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NESPS 27th Annual Meeting Abstracts

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Postoperative Drain Care and Showering following Immediate Breast Reconstruction: A Survey of Common Practices Among 650 ASPS Members.
Brett T. Phillips, MD, Eric D. Wang, BS, Steven T. Lanier, BA BS, Alexander B. Dagum, MD, Sami U. Khan, MD, Duc T. Bui, MD.
Stony Brook University Medical Center, Stony Brook, NY, USA.

BACKGROUND:
Plastic surgeons commonly restrict showering in immediate breast reconstruction (IBR) patients with indwelling closed suction drains (CSDs), although the literature does not provide evidence to recommend this practice. Management may be further complicated by the incompletely studied infectious risks of Acellular Dermal Matrix (ADM). Our study surveys current postoperative showering and drain care practices among plastic surgeons following immediate breast reconstruction.
METHODS:
4669 ASPS and CSPS members were sent an online or paper survey inquiring about CSD management protocols for IBR using tissue expanders (TE) or autologous flaps (AF). Statistical significance of response trends was determined using Fisher’s Exact test.
RESULTS:
We received 650 completed surveys, representing a 14% response rate. We attribute this response to an inability to specifically target members who primarily perform breast reconstruction.
Overall, 46%, 42%, and 40% of surgeons restrict showering following TE without ADM, TE with ADM, and AF procedures, respectively. 12% of surgeons who allow showering following AF procedures restrict showering following TE procedures, likely reflecting the perceived risks of an infected expander.
When using ADM in IBR, 76.9% of surgeons do not modify drainage protocols, while 92.6% do not modify antibiotic protocols. Canadians surgeons were much less likely to use ADM (18.6% vs 78.3%, p<0.001) than US surgeons.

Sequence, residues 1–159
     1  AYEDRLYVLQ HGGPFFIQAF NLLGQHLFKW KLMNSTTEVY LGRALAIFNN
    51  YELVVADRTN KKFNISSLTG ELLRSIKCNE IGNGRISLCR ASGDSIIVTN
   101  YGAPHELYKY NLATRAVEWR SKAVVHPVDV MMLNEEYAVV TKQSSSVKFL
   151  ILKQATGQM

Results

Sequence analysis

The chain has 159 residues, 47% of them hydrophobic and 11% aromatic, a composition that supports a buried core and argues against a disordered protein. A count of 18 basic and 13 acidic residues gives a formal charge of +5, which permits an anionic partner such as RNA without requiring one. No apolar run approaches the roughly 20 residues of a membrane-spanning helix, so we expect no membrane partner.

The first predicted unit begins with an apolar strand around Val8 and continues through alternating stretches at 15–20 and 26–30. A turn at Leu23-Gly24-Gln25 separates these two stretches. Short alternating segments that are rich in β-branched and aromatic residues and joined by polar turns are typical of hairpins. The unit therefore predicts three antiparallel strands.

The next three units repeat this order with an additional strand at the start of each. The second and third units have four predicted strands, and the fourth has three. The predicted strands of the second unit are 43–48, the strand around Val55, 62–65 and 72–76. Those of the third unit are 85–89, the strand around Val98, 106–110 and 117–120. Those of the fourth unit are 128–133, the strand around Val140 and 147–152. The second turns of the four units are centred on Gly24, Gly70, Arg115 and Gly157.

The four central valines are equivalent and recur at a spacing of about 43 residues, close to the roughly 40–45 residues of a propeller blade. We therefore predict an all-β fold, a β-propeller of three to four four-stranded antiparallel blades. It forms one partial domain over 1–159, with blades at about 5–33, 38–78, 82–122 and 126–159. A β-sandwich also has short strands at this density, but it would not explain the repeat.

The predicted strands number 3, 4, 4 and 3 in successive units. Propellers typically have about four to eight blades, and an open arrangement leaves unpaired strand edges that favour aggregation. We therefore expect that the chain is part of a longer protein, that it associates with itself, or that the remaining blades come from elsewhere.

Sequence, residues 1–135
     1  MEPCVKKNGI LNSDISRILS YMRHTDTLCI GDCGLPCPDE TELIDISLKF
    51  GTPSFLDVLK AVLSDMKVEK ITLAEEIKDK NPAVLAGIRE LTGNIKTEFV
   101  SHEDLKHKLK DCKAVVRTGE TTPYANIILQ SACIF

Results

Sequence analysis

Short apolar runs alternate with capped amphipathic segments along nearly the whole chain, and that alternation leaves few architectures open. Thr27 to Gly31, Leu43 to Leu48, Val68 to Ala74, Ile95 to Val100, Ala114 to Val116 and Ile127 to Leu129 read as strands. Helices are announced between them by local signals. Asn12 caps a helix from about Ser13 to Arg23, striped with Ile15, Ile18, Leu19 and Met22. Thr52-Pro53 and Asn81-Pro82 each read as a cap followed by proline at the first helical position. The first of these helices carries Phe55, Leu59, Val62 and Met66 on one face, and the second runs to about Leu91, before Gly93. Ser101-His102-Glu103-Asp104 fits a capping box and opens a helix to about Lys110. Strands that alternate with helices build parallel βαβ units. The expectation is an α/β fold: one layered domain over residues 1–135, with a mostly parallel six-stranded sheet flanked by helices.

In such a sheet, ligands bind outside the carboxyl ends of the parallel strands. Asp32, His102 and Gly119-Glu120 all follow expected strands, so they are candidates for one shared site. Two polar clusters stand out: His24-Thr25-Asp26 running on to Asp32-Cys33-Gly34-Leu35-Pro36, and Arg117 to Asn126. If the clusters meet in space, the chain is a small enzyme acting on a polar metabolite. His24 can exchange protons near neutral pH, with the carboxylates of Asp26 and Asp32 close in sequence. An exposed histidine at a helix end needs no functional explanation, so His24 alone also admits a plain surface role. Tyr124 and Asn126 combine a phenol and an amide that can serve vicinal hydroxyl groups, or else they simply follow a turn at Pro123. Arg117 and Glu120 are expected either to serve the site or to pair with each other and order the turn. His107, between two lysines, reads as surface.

Interestingly, trends in drainage protocol were associated with both duration of practice, case volume, and demographics. Surgeons in practice less than 20 years were significantly less likely to restrict showering (TE: 40.3%, AF: 33.1%) than surgeons in practice more than 20 years (TE: 57.1%, AF: 56.0%, p<0.001). Surgeons performing more than 4 TE reconstructions/month were also less likely to restrict showering compared to 1 TE reconstruction/month (39.5% vs 52.4%, p=0.05). Likewise, surgeons performing more than 2 AF reconstructions/month were significantly less likely to restrict showering (26.8% vs. 46.4%, p<0.0001). Canadian surgeons were significantly more likely than US surgeons to restrict showering (TE: 71.2% vs 42.0%; AF: 59.3% vs 37.3%, both p<0.001).
CONCLUSIONS:
There is no consensus regarding postoperative drain protocols following TE/I reconstruction with or without ADM or autologous reconstruction. As showering restriction can cause significant discomfort for patients, a prospective, randomized study is needed to determine whether an association exists between post-operative showering with CSD and infectious risk.


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